About social enterprise
What is a social enterprise? What characteristics, principles and features define them? In an increasingly complex world, with many structural and cultural differences, these are not straightforward questions to answer.
As the leading agency for the social enterprise movement, SEWF has collaborated with our networks and partners to outline what we believe to be most important standards to use in defining these organisations.
Our goal is not to propose a set of rules. Instead, we want to facilitate a conversation and promote a greater understanding of social enterprise, respecting the efforts of all of those who work towards sustainable and inclusive economic development.
What is a social enterprise?
We believe that there are six top-level primary characteristics and features that are shared by all social enterprises.
Social enterprises have a clear primary social or environmental mission, which is set out in their governing documents and at the core of their operations.
Surplus invested in mission
Social enterprises generate income from sales of products or services, reinvesting profit into the pursuit of their mission. This differs from a private business, which, although may commit to spending some money on social causes or to addressing the UN Sustainable Development Goals, will still be accountable to shareholders and owners.
Social enterprises are accountable to their mission: they reinvest the majority of their surpluses in pursuit of their mission. This proportion of investment is one of the most significant distinctions between social enterprises and private businesses, which, instead of investing a majority, might invest a discretionary portion of their surplus as part of corporate strategy.
For example, in the UK, the Community Interest Company (CIC) structure was designed to ensure that investor shareholding is capped at 35% of total shares. The CIC structure gives social enterprises the important ability to retain the majority of surpluses for reinvestment in mission.
Ownership tied to mission
Though legal structures differ globally, social enterprises are majority controlled in the interests of the enterprise’s mission and are usually autonomous of state. Social enterprises exist to serve the wider community. They should not be individually controlled. Unlike private business where shareholders or private owners make decisions about investment or the company’s direction, social enterprises must be permanently focused on their social or environmental mission.
SEWF recognises that across the world many social enterprise use ‘for-profit’ structures. For some, this is by choice, where they reinvest the majority of profits in their mission on a voluntary basis. For many, it is due to necessity. SEWF engages differently with social enterprises using for-profit structures through necessity rather than choice. SEWF is committed to supporting the introduction of legal structures that lock-in commitment to mission in return for tax or other advantages.
For-profit or private businesses can be regarded as social enterprises when they are owned and controlled by one or more non-profits. This structure is popular where non-profits cannot legally trade. When a non-profit or group of non-profits has control over the private business, the activity and/or the surpluses will be committed to social or environmental purposes. These enterprises are a key part of the social enterprise movement.
SEWF recognises that governments are critical actors in the social enterprise ecosystem, playing an essential role in ecosystem development. We believe that social enterprises should be independent of the state while still partnering with governments when possible and appropriate.
Ethically transparent and accountable
Social enterprises are transparent about and accountable to their mission. Beyond their mission, social enterprises aspire to the highest ethical business standards in all internal and external dealings. Social enterprises should not only do good, but they should do good, well. This includes respecting suppliers by paying them on time, developing a social enterprise supply chain, avoiding ingredients and materials with known health and environmental risks and valuing staff by treating them well and paying a living wage. Value-based organisations should aspire to low pay differentials (between highest and lowest paid), participation in decision making and employee benefits that are family friendly. If social enterprise is to be a business model for a sustainable global economy, then treating people well is fundamental.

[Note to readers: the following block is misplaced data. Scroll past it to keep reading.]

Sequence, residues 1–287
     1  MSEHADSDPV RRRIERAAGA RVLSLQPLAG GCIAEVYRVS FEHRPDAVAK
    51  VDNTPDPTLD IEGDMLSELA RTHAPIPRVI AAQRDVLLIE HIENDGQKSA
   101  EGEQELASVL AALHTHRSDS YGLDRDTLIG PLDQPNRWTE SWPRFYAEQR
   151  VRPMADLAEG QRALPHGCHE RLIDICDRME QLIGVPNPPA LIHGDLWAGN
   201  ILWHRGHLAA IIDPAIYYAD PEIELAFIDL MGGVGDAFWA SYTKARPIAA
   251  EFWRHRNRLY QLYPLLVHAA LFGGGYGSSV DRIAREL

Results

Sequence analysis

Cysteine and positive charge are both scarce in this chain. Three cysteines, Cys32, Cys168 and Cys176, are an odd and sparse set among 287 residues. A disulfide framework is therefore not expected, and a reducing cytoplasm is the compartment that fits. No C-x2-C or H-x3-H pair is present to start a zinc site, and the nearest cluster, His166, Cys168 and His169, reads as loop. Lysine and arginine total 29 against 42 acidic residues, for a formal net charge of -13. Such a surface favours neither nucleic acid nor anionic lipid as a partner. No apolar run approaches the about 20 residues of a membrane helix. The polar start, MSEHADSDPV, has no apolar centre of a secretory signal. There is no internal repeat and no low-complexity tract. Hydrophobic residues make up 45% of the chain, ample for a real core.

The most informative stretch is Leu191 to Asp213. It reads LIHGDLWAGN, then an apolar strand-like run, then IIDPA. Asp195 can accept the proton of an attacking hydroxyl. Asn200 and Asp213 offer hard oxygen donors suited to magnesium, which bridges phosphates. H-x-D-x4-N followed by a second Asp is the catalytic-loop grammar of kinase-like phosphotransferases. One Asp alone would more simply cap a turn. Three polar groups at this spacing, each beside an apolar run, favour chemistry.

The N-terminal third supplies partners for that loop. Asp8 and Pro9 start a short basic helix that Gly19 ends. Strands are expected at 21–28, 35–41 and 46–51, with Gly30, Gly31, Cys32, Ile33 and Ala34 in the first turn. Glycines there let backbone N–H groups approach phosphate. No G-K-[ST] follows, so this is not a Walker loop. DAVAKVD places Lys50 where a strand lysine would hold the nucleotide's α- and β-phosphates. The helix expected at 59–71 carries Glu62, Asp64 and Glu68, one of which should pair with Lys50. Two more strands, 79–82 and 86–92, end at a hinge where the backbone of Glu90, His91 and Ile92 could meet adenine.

Social enterprises should also be transparent in reporting, such as how they use their surpluses and how they measure their social impact. How social enterprises do business, is just as important as what business they do.
Trade generated income
Social enterprises aim to generate the majority of their operating income from sales of products or services as opposed to grants, donations, philanthropic sponsorship etc. SEWF recognises that during the start-up phase this may not be feasible. Typically, social enterprises strive to generate the majority of their operating income after 2-3 years of trading. Traditional operating income used to resource core services is also distinct from income streams typically used for capital projects, expansion and scaling, which can reasonably come from grants and other funds at any stage of a social enterprise’s operation.
The interpretation of ‘trading income’ may be different across the world and will depend in part on the methods and systems used by governments to commission services or responses to social or environmental challenges. While stating that most social enterprises will generate the majority of their income from trading, SEWF recognises that trading is highly dependent on context, sector and maturity.
Social enterprises strive to protect the distribution of their assets. Asset lock is a provision in the founding documents of a social enterprise that prevents distribution of residual assets upon dissolution, disposal or conversion. It is something social enterprises should enshrine if legally feasible. The asset lock is important to ensure that social enterprises cannot be aggressively, or softly, purchased by new owners for greater financial return. Incidences where high-profile social businesses are sold to private equity funds or private businesses damage the perception and reputation of social enterprises.
Your social enterprise questions answered
What role do business ethics and accountability play in social enterprise?